I like this conversation better. I have watched too many retired colonels on my television set in recent weeks, shivered too many shivers as deadlines have been issued and bombs have been dropped. I am happy to hear how Matt Ghaffari would stick his thumb into an Iraqi's eye.
"You'd really do that?" I ask.
"Yes," Ghaffari says. "I would get inside. I would pull his beard. I would put a thumb into his eye. Anything. That is how these things go. What determines the winner usually is who can stand the most pain. The Iraqi would do the same to me."
The simple battle is easier to understand. I like to have my geopolitical conflicts distilled to human terms. The tools of civilization have to be taken away to talk about a more civilized way of settling differences.
"You have fought an Iraqi?" I ask.
"The last time was in 1989, in Turkey," Ghaffari says. "I pinned him. I dominated him. He tried to be real physical with me, but his bark was worse than his bite. I turned him and put him down. He could have been tougher. Thirty seconds and I could feel he wanted to quit. He was looking for a way to get out of there gracefully."
There are not a lot of sports in which Iraq has competed against the U.S. Of them, wrestling is easily the most intimate. Opponents breathe and grunt and have body odor. Ghaffari is 29 years old. He is 6'4" and weighs 280 pounds, a heavyweight. He is America's top prospect for a medal in Greco-Roman wrestling at the Barcelona Olympics next year. He lives in Chandler, Ariz., and he has quit his job with a car rental agency to train full-time for his shot at the Games. He was born in Teheran, Iran, but came to the U.S. at age 14 and is a naturalized American citizen. He went to high school in Paramus, N.J.
"Have you also wrestled against an Iranian?" I ask.
"Many times," he says. "I wrestled against Iranians who came to the mat with pictures of the Ayatollah Khomeini. I have heard them shout, in Farsi, 'Death to Americans!' All of that stuff. I understand the language, so I know what they're saying. There are many countries in the world, especially in the Middle East, who dress us in a black hat. They just don't know us. They think we're just rock and rollers. They think everyone drives a Cadillac and shoots guns all the time. They think we have life too easy. They don't know."
He talks about wrestling against Soviets and Cubans and Bulgarians, about how wrestling against someone who holds to a different ideology puts a different light in your eye when you go into competition. The match becomes more basic. Meaner. Ghaffari can respond to the meanness. That is part of the game, and he will play it. He says he wants to stand on a platform and see the American flag raised to the ceiling while The Star-Spangled Banner is played.
"I was in a tournament in Cuba in mid-February," he says. "We didn't do well. Only two of us made the finals, my roommate and me. He lost. I was in the last match of the day. I told him that I was going out there to raise the flag, that it had to be raised at least once. I won. That was the best feeling, standing there. Having everyone else stand, too. In Cuba."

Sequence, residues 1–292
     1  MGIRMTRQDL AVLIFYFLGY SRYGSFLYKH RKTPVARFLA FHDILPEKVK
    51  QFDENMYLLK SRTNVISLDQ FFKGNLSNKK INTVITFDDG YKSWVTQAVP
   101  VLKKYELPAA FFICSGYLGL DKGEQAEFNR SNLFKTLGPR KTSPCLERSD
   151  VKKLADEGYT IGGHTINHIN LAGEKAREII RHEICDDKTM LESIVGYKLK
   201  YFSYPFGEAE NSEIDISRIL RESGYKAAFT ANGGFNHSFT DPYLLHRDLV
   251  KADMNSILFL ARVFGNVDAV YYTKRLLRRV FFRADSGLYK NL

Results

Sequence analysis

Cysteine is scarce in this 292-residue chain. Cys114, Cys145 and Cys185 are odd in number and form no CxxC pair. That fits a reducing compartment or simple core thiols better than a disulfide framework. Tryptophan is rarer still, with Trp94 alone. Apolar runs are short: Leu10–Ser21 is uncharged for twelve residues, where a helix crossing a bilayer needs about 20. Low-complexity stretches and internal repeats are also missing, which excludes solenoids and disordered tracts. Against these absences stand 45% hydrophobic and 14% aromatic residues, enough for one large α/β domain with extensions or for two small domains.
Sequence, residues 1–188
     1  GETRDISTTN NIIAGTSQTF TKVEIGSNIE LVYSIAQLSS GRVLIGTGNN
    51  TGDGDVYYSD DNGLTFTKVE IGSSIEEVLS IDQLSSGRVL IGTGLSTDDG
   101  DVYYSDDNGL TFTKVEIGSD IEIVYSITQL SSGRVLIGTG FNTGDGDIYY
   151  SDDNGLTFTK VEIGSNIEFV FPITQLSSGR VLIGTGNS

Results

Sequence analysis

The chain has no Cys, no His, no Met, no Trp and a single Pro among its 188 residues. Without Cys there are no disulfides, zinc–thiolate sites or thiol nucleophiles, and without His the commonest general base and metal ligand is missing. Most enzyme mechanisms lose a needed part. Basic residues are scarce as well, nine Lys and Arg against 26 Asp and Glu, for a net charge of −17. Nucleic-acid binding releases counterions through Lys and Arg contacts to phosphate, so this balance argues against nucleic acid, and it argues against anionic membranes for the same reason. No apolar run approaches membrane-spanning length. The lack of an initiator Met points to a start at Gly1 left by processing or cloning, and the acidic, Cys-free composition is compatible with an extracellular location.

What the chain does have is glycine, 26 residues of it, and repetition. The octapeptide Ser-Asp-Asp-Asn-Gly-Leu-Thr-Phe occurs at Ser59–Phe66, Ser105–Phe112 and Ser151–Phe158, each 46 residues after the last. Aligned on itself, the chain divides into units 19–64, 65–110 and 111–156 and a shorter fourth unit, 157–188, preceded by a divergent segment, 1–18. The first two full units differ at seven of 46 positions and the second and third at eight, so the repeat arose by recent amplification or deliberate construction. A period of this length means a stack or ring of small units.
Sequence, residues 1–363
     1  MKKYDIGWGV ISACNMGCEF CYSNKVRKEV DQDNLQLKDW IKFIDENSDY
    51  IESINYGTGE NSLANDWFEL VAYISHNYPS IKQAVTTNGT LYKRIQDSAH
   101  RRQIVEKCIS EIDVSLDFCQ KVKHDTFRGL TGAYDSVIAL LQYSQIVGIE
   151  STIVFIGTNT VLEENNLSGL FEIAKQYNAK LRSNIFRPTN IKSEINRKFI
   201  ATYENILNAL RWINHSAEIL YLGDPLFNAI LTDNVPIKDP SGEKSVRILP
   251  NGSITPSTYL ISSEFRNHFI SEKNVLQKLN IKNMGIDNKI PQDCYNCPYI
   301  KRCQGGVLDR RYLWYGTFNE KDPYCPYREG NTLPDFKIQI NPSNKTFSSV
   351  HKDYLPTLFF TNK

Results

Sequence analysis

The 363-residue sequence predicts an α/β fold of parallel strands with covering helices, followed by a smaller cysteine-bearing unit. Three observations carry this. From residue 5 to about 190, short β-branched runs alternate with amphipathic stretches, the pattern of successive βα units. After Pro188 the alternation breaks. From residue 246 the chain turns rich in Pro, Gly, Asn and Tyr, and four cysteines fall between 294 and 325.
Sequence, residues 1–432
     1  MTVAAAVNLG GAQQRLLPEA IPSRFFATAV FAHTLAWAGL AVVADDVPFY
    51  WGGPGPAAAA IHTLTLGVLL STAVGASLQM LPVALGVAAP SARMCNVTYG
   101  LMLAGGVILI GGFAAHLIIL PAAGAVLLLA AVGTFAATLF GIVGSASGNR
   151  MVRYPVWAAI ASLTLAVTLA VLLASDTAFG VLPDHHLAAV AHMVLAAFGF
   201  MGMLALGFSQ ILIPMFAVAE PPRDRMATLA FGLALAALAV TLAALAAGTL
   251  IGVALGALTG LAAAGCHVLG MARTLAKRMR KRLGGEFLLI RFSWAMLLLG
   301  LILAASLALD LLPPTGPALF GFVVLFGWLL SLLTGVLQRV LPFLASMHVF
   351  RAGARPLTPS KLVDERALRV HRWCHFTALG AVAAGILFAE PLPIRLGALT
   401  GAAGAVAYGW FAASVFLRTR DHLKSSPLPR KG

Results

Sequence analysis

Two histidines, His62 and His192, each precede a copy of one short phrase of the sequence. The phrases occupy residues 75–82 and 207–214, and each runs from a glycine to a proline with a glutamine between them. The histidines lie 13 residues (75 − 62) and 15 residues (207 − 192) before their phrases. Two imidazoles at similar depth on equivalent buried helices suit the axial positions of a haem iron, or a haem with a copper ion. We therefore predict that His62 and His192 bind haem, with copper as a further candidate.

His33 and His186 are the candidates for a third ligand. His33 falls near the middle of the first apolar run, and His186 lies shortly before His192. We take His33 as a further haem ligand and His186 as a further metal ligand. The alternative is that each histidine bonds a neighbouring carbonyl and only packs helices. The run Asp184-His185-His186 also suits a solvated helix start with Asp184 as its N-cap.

He says the mat is where life has the fewest complications these days. He is olive-skinned and has a Middle Eastern name and is a Shiite Muslim. People sometimes forget that he's an American too. Ghaffari finds that his bags are checked and rechecked at the airport as if he, more than any of the other passengers, might be a terrorist. He says his mosque in Tempe has been visited by the FBI. He says he has heard friends and teammates say things about "those people" as if he weren't in the room. When he has been noticed, the friends have added, "but, of course, present company excluded." Of course.
"It was bad when I was in college," he says. "The Iran hostage situation was going on, and people tried to pick fights with me. Our coach added an o to the end of my name when we wrestled at other schools. 'Ghaffario.' He made me Italian. I would say to people, 'Do you know the words to the Pledge of Allegiance? Do you know all the words to the national anthem? I do.' All you can do in that situation is channel your hostility into your sport. That's what I've done. I know that when I'm on that victory stand, I'm as American as apple pie."
I ask where he was on Jan. 16 when the Gulf war began. He says he was training with the national team in Colorado Springs. His boom box for once was turned to news instead of music. The wrestlers sat, stunned at what they were hearing. Their workouts suddenly seemed useless. Work toward the Olympics? Why? Will there even be an Olympics? Ghaffari describes the feeling as "cold." Everyone felt cold.
"I hope the whole thing ends soon," he says. "I hope everything's finished, and I hope they hold the Olympics."
I say I hope the same thing. I say it would be ironic if he wound up on a mat in Barcelona opposite a big man from Baghdad. He says Iraq does not have the greatest wrestlers in the world, so he would not mind. He would take his chances.
"What would you try to do?" I ask.
"I'd try to hurt him, and he would try to hurt me," Ghaffari says. "That's the game. If I get a chance to fall on him, I'm going to fall on him real hard. If I can pick him up, a 280-pound man over my head, I'm going to throw him down. He's going to do the same to me."
That's the game. It was the best discussion of international diplomacy I'd heard in a long while.